Structural typing is awesome for JavaScript developers because it behaves very much like duck typing that is such a core feature to JavaScript object-oriented programming model. It is still great for C#/Java developers as well because they can enjoy C#/Java features like interfaces, classes and compile-time feedback but with a higher degree of freedom and flexibility.

There’s still one thing that doesn’t fit the structural typing rule we just described and is the following example from the previous section where we used an object literal:

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frosty({hitPoints: 120, toString(){ return 'a bat';}})
// => doesn't compile
// => Argument of type '{ hitPoints: number; toString(): string; }' 
//    is not assignable to parameter of type 'Minion'.
//  Object literal may only specify known properties,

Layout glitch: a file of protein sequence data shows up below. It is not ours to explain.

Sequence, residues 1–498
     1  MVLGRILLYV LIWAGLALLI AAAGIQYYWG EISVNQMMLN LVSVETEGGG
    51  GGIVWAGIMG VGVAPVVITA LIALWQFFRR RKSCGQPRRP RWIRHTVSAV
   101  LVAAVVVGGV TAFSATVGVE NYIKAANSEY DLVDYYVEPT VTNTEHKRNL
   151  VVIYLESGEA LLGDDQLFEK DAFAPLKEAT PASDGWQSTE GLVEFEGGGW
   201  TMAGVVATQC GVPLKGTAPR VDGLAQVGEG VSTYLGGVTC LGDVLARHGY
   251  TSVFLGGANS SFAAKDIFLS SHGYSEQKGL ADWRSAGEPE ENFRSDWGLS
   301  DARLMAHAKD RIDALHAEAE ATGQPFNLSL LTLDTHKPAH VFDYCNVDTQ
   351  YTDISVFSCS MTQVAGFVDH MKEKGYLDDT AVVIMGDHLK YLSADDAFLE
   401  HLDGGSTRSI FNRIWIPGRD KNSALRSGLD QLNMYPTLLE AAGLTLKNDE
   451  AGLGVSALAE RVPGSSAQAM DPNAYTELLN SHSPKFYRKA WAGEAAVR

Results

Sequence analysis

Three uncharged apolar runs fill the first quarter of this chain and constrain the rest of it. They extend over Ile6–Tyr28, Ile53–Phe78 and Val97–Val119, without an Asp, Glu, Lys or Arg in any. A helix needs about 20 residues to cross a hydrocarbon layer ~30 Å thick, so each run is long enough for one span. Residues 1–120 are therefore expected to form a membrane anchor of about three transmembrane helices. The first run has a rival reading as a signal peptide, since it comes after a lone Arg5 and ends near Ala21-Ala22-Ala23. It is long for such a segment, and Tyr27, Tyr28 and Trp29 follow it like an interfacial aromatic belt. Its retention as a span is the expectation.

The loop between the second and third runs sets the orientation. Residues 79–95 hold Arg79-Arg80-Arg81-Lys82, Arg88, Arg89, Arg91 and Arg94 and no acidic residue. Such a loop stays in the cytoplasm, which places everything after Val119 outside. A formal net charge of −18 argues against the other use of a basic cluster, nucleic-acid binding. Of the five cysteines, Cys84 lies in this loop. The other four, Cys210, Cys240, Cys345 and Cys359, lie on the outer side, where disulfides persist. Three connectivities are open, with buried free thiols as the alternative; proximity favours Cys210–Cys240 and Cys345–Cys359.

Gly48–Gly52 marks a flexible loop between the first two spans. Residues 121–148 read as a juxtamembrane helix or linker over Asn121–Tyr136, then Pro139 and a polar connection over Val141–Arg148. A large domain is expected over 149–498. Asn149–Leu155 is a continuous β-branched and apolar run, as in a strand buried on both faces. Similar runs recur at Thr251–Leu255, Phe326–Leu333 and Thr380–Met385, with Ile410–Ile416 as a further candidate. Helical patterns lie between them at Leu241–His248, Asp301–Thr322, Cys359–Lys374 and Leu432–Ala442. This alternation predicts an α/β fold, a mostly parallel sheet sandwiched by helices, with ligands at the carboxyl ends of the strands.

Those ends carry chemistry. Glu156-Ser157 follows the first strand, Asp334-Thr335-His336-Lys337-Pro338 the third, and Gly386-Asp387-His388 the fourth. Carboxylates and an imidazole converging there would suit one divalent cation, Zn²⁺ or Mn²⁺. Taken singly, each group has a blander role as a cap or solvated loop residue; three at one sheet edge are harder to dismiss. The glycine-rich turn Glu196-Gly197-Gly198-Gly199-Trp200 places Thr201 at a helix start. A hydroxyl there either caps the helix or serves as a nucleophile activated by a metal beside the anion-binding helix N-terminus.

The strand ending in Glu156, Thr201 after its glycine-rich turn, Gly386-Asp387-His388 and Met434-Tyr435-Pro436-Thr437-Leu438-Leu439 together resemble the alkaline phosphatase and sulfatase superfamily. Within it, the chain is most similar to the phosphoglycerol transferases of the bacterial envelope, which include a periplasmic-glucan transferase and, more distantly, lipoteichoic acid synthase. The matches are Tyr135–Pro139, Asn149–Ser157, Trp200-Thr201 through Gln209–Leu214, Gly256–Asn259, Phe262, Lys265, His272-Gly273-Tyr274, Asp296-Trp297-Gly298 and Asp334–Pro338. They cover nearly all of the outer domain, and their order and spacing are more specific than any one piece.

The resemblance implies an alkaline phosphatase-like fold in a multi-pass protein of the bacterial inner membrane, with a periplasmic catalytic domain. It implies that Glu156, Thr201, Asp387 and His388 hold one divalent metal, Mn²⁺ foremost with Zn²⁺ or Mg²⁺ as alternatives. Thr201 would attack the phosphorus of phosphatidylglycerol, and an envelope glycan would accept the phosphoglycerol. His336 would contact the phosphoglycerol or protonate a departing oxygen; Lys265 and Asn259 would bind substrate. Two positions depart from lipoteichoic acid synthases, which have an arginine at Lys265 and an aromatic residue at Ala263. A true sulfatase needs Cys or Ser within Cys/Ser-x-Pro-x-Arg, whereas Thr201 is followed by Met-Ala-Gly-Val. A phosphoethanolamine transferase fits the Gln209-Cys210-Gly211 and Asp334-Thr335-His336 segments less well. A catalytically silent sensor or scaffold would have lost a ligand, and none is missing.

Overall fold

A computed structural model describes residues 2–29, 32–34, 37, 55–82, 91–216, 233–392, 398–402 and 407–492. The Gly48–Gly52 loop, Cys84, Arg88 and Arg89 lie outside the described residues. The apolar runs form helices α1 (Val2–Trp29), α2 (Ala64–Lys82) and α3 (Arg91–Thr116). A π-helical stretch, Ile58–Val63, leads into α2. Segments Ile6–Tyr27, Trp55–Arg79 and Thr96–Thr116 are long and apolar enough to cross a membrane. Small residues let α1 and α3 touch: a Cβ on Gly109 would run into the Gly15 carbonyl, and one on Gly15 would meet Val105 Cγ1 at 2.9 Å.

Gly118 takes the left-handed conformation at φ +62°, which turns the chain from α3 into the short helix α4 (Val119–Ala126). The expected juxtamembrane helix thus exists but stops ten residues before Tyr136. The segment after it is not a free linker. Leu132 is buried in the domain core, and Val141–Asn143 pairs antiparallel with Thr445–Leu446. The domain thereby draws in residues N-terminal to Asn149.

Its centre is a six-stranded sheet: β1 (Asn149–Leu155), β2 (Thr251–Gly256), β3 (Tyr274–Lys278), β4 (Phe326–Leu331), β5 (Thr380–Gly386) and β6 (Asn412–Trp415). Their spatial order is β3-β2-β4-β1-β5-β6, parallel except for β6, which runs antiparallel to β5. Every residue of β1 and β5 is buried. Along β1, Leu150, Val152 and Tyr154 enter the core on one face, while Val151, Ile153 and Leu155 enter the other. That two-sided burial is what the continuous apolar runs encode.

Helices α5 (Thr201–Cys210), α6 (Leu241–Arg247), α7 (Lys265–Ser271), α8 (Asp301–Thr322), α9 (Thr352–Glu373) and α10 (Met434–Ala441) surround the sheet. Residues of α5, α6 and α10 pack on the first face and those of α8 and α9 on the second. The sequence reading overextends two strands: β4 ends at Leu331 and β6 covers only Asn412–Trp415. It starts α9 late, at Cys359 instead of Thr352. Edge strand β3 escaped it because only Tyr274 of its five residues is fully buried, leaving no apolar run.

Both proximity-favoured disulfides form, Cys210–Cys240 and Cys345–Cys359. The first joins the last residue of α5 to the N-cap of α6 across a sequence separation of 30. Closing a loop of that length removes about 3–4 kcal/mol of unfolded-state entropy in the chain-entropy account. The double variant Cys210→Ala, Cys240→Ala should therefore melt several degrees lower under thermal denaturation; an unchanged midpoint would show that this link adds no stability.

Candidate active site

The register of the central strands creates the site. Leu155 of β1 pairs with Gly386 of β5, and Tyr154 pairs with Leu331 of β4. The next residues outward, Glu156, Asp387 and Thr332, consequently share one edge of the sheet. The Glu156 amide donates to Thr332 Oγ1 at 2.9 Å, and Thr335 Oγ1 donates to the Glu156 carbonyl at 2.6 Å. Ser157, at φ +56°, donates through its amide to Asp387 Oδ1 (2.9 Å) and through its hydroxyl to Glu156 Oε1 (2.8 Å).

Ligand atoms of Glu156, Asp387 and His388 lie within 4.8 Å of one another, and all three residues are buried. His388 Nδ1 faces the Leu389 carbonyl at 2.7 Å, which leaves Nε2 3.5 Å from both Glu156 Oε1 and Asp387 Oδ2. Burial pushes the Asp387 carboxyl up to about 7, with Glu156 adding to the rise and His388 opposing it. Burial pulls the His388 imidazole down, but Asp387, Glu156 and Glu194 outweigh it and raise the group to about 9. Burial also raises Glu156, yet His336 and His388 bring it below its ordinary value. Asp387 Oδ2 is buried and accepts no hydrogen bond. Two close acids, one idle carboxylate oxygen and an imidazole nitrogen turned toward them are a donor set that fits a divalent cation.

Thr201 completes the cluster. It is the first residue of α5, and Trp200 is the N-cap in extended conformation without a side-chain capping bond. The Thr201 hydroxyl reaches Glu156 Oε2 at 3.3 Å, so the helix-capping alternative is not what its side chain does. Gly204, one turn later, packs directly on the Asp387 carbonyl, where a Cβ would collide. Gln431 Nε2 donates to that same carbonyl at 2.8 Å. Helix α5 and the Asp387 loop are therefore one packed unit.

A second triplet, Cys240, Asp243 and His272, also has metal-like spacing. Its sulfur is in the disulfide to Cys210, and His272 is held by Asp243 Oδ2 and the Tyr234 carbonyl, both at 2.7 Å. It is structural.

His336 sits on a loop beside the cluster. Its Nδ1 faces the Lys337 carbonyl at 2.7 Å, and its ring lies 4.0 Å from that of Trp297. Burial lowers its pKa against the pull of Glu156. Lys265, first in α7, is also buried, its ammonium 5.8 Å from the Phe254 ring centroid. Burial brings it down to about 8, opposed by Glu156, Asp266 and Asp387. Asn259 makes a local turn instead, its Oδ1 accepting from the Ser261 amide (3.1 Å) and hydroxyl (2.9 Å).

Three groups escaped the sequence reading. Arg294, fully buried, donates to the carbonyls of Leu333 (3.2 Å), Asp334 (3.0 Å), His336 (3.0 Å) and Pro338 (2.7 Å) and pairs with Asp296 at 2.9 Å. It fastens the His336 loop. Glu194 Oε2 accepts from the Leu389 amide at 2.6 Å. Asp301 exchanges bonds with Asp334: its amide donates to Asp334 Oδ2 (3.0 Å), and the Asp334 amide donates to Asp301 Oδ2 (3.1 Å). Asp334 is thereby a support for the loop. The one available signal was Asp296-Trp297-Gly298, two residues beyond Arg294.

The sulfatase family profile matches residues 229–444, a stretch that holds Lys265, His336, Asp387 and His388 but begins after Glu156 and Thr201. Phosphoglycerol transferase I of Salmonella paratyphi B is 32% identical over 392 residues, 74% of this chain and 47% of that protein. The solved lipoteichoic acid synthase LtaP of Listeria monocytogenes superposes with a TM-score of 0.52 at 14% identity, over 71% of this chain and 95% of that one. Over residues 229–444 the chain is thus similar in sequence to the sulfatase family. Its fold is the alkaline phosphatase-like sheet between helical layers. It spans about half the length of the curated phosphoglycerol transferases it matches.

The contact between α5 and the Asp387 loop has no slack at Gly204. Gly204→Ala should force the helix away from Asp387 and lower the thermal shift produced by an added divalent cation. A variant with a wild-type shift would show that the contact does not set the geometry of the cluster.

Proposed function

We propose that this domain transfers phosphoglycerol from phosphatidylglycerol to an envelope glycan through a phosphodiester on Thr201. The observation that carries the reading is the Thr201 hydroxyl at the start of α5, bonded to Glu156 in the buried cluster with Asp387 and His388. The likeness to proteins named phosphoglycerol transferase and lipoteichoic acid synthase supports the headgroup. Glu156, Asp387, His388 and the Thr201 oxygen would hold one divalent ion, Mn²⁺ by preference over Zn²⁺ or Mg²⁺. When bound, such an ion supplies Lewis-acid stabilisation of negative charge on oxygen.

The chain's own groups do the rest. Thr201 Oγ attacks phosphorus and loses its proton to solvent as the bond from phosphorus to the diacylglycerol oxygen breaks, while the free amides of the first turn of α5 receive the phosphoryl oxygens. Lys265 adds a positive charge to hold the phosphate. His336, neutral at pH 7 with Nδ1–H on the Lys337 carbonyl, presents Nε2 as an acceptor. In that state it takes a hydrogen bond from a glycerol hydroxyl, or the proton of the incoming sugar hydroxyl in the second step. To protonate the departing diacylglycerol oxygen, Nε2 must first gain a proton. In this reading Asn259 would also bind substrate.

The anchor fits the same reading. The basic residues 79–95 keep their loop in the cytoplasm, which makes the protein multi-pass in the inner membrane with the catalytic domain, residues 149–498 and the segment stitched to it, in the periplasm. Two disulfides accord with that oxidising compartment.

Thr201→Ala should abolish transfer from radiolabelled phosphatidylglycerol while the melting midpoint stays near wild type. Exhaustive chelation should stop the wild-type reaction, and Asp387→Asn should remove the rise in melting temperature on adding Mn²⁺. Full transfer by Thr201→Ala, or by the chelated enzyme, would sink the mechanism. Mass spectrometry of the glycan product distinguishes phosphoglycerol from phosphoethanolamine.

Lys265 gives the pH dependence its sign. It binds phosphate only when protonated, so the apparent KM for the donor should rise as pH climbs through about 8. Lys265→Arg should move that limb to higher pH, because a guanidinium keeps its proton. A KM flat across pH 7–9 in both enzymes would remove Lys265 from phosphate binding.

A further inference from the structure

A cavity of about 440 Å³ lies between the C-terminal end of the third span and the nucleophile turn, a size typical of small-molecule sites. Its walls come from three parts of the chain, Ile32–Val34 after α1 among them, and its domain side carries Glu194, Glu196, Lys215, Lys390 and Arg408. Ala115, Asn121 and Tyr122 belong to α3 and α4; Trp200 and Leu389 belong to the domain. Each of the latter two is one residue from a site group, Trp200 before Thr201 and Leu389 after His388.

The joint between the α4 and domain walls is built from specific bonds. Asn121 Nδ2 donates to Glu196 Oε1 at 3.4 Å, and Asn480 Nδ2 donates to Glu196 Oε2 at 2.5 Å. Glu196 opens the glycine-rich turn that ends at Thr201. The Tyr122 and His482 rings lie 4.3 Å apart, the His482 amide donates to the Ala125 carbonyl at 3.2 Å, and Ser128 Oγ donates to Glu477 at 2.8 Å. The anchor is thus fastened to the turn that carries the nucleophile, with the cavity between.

//  and 'toString' does not exist in type 'Minion'.

Why does that happen? In order to prevent user errors.

The TypeScript compiler designers considered that using object literals like this can be prone to errors and mistakes (like typos, imagine writing hitPoitns instead of hitPoints). That is why when using object literals in this fashion the TypeScript compiler will be extra diligent and perform excess property checking. Under this special mode TypeScript will be inclined to be extra careful and will flag any additional property that the function frosty doesn’t expect, in order to warn you of possible mistakes.

In this scenario, you can quickly tell the TypeScript compiler that there’s no problem by explicitly casting the object literal to the desired type or storing it in a variable as we saw earlier:

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frosty({hitPoints: 120, toString(){ return 'a bat';}} as Minion);
// => a bat is covered in frozy icicles (-10hp)

Notice the as Minion? That’s a way we can tell TypeScript that the object literal is of type Minion. This is another way:

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frosty((<Minion>{hitPoints: 120, toString(){ return 'a bat';}}));